The Potential Therapeutic Application of Peptides and Peptidomimetics in Cardiovascular Disease
Research output: Contribution to journal › Review article › peer-review
Colleges, School and Institutes
- University of Oxford
- Department of Pharmacy, University of Naples Federico II Naples, Italy.
- Department of Pharmacy, University of Salerno Salerno, Italy.
Cardiovascular disease (CVD) remains a leading cause of mortality and morbidity worldwide. Numerous therapies are currently under investigation to improve pathological cardiovascular complications, but yet, there have been very few new medications approved for intervention/treatment. Therefore, new approaches to treat CVD are urgently required. Attempts to prevent vascular complications usually involve amelioration of contributing risk factors and underlying processes such as inflammation, obesity, hyperglycaemia, or hypercholesterolemia. Historically, the development of peptides as therapeutic agents has been avoided by the Pharmaceutical industry due to their low stability, size, rate of degradation, and poor delivery. However, more recently, resurgence has taken place in developing peptides and their mimetics for therapeutic intervention. As a result, increased attention has been placed upon using peptides that mimic the function of mediators involved in pathologic processes during vascular damage. This review will provide an overview on novel targets and experimental therapeutic approaches based on peptidomimetics for modulation in CVD. We aim to specifically examine apolipoprotein A-I (apoA-I) and apoE mimetic peptides and their role in cholesterol transport during atherosclerosis, suppressors of cytokine signaling (SOCS)1-derived peptides and annexin-A1 as potent inhibitors of inflammation, incretin mimetics and their function in glucose-insulin tolerance, among others. With improvements in technology and synthesis platforms the future looks promising for the development of novel peptides and mimetics for therapeutic use. However, within the area of CVD much more work is required to identify and improve our understanding of peptide structure, interaction, and function in order to select the best targets to take forward for treatment.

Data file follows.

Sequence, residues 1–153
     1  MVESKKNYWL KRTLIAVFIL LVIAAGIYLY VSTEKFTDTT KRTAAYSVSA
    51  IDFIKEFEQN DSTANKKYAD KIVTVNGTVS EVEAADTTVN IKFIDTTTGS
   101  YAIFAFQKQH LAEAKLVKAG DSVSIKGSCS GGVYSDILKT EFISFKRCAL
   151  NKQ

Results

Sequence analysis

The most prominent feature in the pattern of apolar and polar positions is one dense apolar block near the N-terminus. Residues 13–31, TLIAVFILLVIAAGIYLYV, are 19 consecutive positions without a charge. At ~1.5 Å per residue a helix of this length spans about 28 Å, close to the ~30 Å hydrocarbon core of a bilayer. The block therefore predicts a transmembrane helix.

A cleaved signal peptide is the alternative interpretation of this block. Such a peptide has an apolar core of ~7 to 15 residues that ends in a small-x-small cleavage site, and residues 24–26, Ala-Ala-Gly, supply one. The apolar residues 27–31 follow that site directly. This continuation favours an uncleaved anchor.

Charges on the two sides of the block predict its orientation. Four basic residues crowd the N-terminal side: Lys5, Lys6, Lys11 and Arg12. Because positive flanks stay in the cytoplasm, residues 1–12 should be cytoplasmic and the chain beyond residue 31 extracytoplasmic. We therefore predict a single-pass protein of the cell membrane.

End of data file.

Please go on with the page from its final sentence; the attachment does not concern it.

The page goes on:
|Journal||Frontiers in Pharmacology|
|Publication status||Published - 6 Jan 2017|
- Journal Article, Review